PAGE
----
Our newest lecturer, Dr. Jordi Paps Montserrat, talks to us about his latest research

Introduced to us by his long-time friend and now co-worker Dr. Davide Pisani, Dr. Jordi Paps showed us how he analyses ancestral genomes to reveal bursts of novelties associated with major evolutionary transitions.

Originally from Barcelona, Dr. Paps moved to England in 2010 to work with Peter Holland at the University of Oxford. He then continued his work at the University of Essex in 2015, to finally join our team at Bristol, to the delight of his friend Dr. Pisani.

“Animals are one of my favourite clades”

Specialising in animal phylogenetics, Dr. Paps said he had been inspired by the work of Ernst Haeckel. He declared from the start of the seminar: “animals are one of my favourite clades”. Indeed, he went on to remind us that animals are but a small branch of the “tree of life”. However, animals distinguish themselves by being multicellular. Several functions derive from multicellularity, for example cell differentiation or immunity (i.e. differentiating self from non-self).

For the last 5 years, Dr. Jordi Paps has been investigating the origins of those functions. Having access to ancient genomes enabled Dr. Paps to run comparative analyses on 64 genomes. Combining BLAST search and MCL analysis, Dr. Paps wrote his own Pearl script humorously entitled Phylogenetically Aware Parsing Script (PAPS).

His analysis revealed 6331 homology groups in the genome of the first animals. Using gene ontology, Dr. Paps then classified the functions of these homology groups to reveal that most of them are associated with gene regulation and metabolism. Moreover, 60% of the human genome descends from these homology groups. In the words of Dr. Paps, the first animal genomes were already “quite animaly”.

Number of new homology groups

However, what set the animal genomes apart was the number of new homology groups. Indeed, animals had twice the number of homology groups that other ancestral genomes did. By considering homology groups that are retained in all present animals, Dr. Paps identified 25 “essential new animal homology groups”. Of these 25 “essential groups”, 15 predated animals, differing in the processing of input and output. However, the rest were completely novel groups associated with cell adhesion, cell cycle, receptors and synaptic exocytosis. All of these functions are associated with multicellularity.

Thus, Dr. Paps presented evidence that genomic novelty is associated with the major evolutionary transition that led to the advent of the animal kingdom.

What about other multicellular groups?

But he did not stop at that. “What about other multicellular groups?”, he asked the audience. Dr. Paps then went on to describe how, in association with Alexander Bowles, he ran a similar analysis to investigate the origin of plants (streptophytes) and land plants (embryophytes). This time running the analysis on more than 200 genomes, Dr. Paps said that “the amount of novelty puts animals to shame”. Functional characterization of homology groups then revealed that most of the novelty was associated with multicellularity functions for streptophytes and terrestrialisation for embryophytes.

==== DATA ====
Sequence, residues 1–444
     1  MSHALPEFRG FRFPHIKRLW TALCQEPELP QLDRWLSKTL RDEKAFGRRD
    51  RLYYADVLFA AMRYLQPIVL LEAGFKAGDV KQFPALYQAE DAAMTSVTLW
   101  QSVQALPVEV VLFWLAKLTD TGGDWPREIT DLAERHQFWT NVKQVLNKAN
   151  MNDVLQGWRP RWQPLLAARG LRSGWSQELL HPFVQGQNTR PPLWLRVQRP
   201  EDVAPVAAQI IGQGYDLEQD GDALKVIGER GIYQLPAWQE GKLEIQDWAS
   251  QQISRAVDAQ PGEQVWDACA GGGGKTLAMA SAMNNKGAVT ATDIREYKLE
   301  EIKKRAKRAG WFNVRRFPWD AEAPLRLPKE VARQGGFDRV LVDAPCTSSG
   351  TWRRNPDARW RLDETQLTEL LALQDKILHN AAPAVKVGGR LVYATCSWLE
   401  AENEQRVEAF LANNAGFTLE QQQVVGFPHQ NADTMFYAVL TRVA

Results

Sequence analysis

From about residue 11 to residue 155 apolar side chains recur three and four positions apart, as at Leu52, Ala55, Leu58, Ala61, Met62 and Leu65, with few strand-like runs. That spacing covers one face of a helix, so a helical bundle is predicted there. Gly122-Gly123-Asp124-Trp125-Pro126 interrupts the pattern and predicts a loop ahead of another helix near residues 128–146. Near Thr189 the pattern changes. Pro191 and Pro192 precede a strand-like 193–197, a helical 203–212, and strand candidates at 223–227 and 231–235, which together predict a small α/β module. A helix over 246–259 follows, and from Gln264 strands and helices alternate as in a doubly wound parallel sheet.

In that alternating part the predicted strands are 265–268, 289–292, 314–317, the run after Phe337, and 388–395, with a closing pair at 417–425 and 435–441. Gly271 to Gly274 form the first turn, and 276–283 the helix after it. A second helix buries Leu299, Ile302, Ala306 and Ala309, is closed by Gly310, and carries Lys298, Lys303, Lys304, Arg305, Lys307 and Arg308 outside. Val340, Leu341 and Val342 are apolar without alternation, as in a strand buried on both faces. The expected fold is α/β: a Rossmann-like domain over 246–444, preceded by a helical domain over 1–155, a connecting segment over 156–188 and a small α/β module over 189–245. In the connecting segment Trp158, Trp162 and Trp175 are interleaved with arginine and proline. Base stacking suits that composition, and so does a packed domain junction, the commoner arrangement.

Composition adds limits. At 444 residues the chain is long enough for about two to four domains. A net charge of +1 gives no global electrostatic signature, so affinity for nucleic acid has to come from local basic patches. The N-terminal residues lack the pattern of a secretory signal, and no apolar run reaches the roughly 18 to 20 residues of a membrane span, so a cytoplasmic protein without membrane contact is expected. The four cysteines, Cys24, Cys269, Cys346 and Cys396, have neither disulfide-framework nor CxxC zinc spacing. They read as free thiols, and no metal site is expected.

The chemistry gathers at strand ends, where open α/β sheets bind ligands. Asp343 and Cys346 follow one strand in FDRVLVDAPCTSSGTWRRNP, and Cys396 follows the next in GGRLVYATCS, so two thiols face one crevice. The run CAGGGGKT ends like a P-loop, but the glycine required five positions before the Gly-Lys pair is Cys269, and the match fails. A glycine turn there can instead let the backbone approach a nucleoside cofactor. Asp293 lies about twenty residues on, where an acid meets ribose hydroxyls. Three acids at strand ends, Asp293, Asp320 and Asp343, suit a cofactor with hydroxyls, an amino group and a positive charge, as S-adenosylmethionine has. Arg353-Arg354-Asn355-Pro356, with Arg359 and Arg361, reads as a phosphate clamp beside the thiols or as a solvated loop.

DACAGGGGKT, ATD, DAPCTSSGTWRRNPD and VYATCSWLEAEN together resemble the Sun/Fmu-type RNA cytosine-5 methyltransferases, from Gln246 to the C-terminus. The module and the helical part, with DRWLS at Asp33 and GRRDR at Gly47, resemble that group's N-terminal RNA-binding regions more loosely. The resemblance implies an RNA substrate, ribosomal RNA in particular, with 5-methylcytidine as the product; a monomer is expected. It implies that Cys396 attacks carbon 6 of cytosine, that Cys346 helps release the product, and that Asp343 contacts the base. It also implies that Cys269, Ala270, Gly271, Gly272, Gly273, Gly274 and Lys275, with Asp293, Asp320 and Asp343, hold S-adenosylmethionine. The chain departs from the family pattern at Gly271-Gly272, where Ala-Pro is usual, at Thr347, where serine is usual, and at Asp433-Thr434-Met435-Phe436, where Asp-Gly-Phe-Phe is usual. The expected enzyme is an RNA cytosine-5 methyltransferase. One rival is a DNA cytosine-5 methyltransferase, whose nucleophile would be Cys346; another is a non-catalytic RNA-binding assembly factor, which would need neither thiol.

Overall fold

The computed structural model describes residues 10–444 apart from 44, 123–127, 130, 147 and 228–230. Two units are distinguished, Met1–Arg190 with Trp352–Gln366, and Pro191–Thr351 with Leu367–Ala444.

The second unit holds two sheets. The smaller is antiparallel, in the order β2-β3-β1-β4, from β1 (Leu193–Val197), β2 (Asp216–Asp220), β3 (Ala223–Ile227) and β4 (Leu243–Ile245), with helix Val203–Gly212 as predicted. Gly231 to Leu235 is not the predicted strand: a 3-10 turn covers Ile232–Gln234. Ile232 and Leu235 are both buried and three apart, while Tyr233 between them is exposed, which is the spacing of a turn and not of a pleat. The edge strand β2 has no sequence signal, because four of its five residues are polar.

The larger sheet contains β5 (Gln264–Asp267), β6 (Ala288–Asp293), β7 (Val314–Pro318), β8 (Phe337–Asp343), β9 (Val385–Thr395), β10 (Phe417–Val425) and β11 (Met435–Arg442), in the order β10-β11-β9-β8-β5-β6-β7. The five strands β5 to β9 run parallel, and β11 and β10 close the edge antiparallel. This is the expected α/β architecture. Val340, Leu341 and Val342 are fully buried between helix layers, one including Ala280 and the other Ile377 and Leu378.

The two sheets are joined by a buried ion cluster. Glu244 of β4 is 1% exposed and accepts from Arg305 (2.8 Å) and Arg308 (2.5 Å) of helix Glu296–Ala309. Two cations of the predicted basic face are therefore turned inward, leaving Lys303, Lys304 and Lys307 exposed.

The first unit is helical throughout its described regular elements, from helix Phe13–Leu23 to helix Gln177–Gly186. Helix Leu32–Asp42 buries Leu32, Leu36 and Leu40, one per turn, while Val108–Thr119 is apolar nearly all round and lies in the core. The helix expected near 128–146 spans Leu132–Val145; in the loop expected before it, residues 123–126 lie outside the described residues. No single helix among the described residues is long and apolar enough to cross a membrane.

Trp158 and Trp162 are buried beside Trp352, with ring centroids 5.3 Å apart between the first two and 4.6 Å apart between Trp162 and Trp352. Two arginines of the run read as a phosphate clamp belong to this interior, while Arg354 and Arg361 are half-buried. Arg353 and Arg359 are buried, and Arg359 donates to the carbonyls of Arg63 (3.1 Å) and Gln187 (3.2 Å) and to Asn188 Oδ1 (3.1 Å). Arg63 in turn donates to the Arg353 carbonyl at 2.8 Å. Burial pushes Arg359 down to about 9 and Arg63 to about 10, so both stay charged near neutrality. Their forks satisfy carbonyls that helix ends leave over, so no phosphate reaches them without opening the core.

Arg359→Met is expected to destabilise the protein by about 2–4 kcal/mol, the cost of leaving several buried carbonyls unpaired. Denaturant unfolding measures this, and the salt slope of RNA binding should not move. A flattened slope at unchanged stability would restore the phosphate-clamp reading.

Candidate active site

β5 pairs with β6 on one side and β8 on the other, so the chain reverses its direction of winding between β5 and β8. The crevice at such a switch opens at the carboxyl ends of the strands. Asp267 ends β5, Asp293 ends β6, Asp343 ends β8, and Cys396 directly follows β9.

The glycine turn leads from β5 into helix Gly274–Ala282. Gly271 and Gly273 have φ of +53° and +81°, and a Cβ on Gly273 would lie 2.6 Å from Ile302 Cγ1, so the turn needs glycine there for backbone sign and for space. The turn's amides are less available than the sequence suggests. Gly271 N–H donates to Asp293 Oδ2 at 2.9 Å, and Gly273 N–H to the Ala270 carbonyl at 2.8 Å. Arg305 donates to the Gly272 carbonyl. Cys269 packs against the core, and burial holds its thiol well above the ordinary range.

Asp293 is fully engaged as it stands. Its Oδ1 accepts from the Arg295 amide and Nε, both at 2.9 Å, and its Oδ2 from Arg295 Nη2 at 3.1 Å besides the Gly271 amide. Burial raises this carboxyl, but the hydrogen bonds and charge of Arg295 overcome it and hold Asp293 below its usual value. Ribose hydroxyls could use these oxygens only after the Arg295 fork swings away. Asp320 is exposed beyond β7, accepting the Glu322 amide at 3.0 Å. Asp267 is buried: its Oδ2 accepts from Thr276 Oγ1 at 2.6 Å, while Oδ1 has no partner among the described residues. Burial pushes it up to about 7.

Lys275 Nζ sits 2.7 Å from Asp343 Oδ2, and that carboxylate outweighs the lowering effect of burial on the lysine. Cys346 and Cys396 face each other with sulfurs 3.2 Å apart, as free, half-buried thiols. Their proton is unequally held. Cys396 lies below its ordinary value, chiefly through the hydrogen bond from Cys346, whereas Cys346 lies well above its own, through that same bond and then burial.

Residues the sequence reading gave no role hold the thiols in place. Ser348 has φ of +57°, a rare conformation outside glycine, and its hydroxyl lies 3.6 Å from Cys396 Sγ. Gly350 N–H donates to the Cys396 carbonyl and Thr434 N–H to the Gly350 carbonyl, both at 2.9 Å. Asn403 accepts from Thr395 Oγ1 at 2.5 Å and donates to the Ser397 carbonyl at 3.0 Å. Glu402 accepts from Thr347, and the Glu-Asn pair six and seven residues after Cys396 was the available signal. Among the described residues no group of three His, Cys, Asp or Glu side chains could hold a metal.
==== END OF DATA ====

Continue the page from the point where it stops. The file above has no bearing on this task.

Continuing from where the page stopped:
Associated with Cristina Guijarro, Dr. Paps used this analytical method once more to investigate the role of novelty inside the animal kingdom. They found that the novel homology groups were associated with cephalisation in ancestral Bilaterians. However, surprisingly, losses were also important at a finer scale. At phylum level, nematodes and tardigrades were “major losers”. Dr. Paps says that this is to be expected due to their simplified morphologies. Nevertheless, these phyla are amongst the most successful animals. Therefore, Dr. Paps demonstrated that loss of genomic groups is more important than previously thought when considering major evolutionary transitions.

On another humoristic note, Dr. Paps mentioned press releases relating his findings to evidence for creationism or panspermia. He sarcastically declared he appreciates the attention.

Through the use of his novel analytical tools for phylogenetics, Dr. Paps has been able to shed light on not only the origins of animals, but also the origins of plants and other animal clades. Finally, he concluded the seminar by announcing that he will now be working on the genomic evolution of parasitism.

Wielding sharp wits and a bright mind, Dr. Jordi Paps is undoubtedly a brilliant addition to the academic team of the University of Bristol. Welcome aboard Jordi!

Written by Violette Desarmeaux (year 4 MSci)